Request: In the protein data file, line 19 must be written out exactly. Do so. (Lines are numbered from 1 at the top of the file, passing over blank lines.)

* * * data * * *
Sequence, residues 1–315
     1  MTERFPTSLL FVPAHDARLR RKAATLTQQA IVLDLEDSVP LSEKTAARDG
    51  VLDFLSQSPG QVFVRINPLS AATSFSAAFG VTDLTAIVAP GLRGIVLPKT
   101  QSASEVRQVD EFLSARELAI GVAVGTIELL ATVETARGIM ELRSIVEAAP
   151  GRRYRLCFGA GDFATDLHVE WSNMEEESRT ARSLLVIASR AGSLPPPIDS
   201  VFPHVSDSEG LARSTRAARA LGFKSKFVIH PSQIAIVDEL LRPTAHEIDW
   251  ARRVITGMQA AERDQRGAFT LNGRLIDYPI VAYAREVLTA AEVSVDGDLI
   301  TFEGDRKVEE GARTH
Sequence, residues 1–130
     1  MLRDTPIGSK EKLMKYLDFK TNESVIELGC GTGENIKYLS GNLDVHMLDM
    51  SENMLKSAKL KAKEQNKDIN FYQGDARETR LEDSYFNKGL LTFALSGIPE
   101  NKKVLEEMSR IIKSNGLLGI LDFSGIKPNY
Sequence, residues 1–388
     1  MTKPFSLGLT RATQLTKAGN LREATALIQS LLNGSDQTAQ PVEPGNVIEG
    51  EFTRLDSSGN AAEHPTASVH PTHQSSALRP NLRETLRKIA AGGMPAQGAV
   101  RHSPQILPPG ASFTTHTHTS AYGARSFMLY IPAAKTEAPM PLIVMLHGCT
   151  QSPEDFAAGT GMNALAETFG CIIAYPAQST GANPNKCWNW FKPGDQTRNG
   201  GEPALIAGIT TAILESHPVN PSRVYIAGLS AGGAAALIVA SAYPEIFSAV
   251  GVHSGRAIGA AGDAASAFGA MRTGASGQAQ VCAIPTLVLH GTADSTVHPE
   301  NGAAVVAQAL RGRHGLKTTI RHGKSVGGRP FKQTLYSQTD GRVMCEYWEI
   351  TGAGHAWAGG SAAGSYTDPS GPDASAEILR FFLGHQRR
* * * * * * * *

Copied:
   251  GVHSGRAIGA AGDAASAFGA MRTGASGQAQ VCAIPTLVLH GTADSTVHPE